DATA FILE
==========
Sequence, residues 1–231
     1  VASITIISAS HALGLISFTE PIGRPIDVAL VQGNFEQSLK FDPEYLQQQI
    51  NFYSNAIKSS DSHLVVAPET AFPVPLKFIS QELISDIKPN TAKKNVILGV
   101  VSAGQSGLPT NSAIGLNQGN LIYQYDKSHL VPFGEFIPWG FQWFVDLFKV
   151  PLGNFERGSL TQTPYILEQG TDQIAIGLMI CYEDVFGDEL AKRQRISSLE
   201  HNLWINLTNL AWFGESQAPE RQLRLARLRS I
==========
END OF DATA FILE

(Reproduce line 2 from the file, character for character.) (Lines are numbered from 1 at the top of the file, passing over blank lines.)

     1  VASITIISAS HALGLISFTE PIGRPIDVAL VQGNFEQSLK FDPEYLQQQI